The MIT License is an extremely popular open source software license used on the likes of Ruby on Rails, jQuery, and Node.js. As an open source license, the MIT License dictates what you must, can, and can’t do when you use, modify, and/or redistribute the licensed code.

The MIT License is a permissive license, meaning it carries very few restrictions in these areas. This is in contrast to copyleft licenses like the GPL v3 and AGPL, which require that distributed works based on copyleft-licensed components use the same license as the original. (For example, a derivative work of GPL v3-licensed software must also be licensed under the GPL v3.)

However, there are some notable differences between even the MIT License and other popular permissive options like the BSD family and the Apache License 2.0. We'll discuss those differences, along with the MIT's requirements and permissions, in this blog post.

MIT License: The Basics

The MIT License is the most widely used open source license as of this writing. As mentioned, the MIT is a permissive license, so it doesn't have much by way of requirements.

Additionally, the MIT License also happens to be simpler and easier to digest than many common licenses. In fact, you can read all 172 words of it right here.

Requirements

The MIT License requires two things in your copy and/or modification of the code:

  1. The original copyright notice
  2. A copy of the license itself

The MIT License actually works in a manner where the licensor applies the license with the copyright notice filled in, which can further simplify compliance.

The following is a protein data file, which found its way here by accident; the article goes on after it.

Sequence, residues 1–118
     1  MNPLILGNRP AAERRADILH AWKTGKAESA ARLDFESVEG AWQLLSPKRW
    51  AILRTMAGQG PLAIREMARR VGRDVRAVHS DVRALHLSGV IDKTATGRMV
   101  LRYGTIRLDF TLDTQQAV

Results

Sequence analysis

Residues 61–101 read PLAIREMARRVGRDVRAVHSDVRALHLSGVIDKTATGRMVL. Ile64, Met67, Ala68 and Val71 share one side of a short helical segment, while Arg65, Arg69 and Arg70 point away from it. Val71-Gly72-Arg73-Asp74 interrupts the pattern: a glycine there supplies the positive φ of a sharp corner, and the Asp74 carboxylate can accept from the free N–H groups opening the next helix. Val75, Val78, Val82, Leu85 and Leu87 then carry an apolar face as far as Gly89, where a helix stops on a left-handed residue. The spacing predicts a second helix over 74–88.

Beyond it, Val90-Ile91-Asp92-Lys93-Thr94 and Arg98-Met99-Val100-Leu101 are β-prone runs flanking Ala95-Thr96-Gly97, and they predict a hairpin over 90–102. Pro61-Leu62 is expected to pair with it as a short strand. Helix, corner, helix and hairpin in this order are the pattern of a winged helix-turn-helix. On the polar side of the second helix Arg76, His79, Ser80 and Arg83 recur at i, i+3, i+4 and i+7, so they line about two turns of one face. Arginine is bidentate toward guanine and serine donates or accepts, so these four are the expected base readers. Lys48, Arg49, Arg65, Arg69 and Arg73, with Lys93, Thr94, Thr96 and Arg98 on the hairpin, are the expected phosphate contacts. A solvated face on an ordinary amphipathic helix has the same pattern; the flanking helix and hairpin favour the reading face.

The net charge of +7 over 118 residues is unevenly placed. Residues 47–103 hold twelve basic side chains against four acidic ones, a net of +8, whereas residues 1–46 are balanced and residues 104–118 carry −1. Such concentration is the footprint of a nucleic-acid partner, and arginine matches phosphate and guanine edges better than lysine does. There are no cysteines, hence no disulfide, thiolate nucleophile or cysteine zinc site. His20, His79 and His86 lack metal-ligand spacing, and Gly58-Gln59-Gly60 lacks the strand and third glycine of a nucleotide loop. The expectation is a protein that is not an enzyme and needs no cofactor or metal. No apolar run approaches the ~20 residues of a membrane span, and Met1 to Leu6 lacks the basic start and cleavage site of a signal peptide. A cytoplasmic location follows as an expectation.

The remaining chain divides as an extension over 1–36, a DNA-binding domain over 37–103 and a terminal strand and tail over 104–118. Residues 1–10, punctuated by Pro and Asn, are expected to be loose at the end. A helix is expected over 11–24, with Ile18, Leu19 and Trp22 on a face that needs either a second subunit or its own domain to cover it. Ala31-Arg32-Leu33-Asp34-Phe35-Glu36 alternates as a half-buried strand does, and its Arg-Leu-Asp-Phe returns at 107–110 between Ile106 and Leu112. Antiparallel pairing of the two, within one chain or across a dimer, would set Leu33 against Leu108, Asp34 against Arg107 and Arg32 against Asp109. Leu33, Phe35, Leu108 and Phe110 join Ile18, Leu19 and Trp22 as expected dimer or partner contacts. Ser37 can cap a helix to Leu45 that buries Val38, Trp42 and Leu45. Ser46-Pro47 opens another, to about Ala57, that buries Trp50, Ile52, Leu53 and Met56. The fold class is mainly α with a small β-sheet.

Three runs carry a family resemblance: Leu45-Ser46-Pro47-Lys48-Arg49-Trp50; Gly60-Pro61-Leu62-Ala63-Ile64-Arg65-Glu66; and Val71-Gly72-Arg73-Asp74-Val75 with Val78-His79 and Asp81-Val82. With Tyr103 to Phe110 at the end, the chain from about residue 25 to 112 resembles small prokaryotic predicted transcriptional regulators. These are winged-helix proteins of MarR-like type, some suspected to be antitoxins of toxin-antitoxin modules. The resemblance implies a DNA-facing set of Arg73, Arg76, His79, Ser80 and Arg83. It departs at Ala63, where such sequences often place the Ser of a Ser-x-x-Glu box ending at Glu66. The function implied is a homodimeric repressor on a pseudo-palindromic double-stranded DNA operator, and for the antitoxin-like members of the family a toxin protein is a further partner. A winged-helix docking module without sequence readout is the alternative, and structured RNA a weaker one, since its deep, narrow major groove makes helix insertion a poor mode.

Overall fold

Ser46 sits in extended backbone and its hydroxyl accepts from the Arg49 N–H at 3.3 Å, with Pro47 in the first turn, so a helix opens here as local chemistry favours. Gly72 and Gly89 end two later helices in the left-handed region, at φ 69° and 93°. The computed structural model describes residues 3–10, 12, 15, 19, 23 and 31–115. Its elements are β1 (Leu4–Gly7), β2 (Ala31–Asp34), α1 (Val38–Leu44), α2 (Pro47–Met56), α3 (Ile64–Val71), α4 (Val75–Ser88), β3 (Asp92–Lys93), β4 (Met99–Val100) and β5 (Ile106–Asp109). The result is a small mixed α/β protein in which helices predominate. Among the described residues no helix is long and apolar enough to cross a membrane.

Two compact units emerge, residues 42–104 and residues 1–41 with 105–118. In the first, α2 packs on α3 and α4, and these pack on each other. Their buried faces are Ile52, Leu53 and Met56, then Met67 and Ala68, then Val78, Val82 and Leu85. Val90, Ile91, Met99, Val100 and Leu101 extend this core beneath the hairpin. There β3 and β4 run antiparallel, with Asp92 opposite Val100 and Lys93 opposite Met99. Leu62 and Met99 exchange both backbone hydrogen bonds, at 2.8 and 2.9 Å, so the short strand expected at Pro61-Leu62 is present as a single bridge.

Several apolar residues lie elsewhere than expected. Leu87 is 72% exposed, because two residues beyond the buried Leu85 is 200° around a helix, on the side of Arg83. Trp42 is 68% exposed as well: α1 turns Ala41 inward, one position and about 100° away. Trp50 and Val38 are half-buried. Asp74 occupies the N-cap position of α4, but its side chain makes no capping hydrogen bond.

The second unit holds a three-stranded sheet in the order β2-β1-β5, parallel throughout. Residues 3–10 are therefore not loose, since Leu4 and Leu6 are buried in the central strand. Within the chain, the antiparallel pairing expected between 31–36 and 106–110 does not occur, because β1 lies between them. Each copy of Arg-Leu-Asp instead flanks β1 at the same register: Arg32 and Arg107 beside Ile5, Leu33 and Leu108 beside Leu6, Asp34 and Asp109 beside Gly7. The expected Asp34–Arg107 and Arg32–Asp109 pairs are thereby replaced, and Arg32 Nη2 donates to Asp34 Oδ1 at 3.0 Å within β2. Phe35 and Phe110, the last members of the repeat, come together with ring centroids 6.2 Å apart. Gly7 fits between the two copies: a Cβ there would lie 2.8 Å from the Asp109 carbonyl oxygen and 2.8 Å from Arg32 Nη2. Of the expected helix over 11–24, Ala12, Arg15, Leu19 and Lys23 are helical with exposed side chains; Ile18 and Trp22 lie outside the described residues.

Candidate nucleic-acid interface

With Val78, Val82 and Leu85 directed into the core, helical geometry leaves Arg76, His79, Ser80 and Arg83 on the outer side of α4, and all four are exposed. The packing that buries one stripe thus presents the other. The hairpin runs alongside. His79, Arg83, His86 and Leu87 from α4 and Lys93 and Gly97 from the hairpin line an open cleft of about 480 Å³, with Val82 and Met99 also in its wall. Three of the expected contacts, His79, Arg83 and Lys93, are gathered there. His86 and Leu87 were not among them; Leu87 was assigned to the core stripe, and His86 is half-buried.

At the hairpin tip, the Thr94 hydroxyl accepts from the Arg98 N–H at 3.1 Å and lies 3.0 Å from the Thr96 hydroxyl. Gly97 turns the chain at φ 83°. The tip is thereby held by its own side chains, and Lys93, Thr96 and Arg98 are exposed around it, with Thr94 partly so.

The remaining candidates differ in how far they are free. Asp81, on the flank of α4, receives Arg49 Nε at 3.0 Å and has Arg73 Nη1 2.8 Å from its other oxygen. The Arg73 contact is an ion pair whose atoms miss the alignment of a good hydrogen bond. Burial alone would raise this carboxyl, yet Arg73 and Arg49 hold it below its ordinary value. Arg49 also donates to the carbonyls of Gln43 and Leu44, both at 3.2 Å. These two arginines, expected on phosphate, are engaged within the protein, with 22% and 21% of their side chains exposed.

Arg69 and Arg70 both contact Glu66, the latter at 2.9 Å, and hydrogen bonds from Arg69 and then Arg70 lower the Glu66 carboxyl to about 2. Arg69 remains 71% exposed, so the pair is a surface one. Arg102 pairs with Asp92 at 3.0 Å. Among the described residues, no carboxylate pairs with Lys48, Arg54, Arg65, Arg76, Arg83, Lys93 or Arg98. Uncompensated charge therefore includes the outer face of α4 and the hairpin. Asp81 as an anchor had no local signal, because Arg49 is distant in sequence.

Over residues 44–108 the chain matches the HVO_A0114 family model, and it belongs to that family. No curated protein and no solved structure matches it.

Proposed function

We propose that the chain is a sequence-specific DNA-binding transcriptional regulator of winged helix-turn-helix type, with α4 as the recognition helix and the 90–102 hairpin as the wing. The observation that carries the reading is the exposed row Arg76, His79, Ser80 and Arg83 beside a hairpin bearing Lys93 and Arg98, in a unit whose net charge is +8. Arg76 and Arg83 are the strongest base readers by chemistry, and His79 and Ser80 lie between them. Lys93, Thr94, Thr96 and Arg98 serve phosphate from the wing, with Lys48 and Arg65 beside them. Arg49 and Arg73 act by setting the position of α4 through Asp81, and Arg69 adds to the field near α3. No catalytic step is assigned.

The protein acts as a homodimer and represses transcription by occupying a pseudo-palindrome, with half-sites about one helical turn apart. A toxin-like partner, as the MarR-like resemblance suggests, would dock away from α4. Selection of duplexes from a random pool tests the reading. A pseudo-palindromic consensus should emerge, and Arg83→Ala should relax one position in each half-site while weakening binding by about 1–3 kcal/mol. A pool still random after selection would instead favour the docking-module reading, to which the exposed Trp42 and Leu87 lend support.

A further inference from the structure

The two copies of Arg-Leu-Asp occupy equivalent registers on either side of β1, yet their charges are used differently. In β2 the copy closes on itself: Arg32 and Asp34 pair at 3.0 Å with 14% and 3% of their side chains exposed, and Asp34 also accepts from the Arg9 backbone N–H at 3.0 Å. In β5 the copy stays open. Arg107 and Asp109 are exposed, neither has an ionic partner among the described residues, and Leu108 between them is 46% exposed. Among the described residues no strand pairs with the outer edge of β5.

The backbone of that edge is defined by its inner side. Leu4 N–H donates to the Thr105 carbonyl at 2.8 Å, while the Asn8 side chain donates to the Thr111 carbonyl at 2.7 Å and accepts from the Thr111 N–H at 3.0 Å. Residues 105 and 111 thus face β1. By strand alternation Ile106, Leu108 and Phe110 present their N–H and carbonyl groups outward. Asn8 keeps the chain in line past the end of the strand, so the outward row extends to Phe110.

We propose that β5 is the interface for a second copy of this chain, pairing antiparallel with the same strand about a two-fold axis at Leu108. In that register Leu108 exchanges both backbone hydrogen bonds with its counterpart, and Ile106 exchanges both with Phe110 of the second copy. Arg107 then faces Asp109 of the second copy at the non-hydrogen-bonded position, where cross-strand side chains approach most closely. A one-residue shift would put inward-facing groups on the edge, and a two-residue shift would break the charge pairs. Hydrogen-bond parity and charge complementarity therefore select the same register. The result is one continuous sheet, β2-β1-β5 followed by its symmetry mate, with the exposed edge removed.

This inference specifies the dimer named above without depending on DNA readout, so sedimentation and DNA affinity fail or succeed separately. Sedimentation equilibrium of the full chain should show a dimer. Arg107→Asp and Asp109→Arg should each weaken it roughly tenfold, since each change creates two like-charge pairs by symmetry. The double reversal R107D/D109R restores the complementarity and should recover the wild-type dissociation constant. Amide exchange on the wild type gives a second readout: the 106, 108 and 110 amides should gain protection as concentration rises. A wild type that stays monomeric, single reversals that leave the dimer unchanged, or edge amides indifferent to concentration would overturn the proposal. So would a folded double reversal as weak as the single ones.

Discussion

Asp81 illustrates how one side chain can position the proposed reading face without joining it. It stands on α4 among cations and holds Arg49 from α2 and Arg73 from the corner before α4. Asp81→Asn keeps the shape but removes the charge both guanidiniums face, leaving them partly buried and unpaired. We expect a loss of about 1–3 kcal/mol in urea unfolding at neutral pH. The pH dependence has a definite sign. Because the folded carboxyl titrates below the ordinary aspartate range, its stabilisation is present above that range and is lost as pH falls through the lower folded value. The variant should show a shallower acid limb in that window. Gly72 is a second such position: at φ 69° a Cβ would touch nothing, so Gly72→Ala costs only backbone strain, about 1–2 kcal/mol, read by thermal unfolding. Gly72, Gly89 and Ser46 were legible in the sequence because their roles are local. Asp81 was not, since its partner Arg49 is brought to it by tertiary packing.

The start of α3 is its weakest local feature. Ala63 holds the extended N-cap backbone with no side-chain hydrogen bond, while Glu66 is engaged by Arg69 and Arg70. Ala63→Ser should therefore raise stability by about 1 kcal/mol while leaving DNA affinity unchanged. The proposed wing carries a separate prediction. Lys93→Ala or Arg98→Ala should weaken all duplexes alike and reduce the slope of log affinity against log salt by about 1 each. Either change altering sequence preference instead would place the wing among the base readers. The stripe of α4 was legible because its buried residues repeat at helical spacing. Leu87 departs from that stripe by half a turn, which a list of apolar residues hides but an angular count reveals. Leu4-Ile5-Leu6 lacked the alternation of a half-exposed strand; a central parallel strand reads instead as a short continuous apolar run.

In contrast to copyleft licenses, the MIT License does not require those who modify the original code to also release their modification(s) under the same license. There’s no reciprocity or “pay it forward” requirement, even if you substantially rework the code. Your updated version can remain proprietary.

Can’s and Can’ts

One of the purposes of an open source license is to outline what others can and can’t do with the code. In the case of the MIT License, users are allowed to:

  • Use the code in commercial applications: For example, a company can create a proprietary piece of software that includes all or part of the original open source code, then charge money for that software.
  • Modify the code: In other words, developers can change/update the code however they’d like.
  • Distribute copies of the code and any modifications: As long as the original copyright notice and the license itself are included, an organization can distribute and sell copies or modified versions of the code.
  • Sublicense the code: This means you can incorporate the original code into a modification with a stricter license.

So, what can’t you do with MIT-licensed code? The answer is “not much,” with a few exceptions. For one, you can’t hold the code author(s) legally liable for any reason. You also can’t delete the copyright notice and original license from your version of the code.

MIT vs. Other Permissive Licenses

The MIT License isn’t the only permissive license out there, or even the only popular one. In this section, we’ll compare the MIT License with two other well-known permissive licenses: Apache 2.0 and BSD.

MIT vs. Apache 2.0